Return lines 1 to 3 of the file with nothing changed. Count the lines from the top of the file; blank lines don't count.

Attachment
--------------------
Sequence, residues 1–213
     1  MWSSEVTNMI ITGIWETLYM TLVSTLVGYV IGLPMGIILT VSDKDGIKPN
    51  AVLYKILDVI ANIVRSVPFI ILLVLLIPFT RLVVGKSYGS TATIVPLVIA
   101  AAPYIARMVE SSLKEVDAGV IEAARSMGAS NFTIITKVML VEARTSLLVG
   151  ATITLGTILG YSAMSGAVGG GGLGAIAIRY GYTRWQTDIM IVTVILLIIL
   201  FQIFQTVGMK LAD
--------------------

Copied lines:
Sequence, residues 1–213
     1  MWSSEVTNMI ITGIWETLYM TLVSTLVGYV IGLPMGIILT VSDKDGIKPN
    51  AVLYKILDVI ANIVRSVPFI ILLVLLIPFT RLVVGKSYGS TATIVPLVIA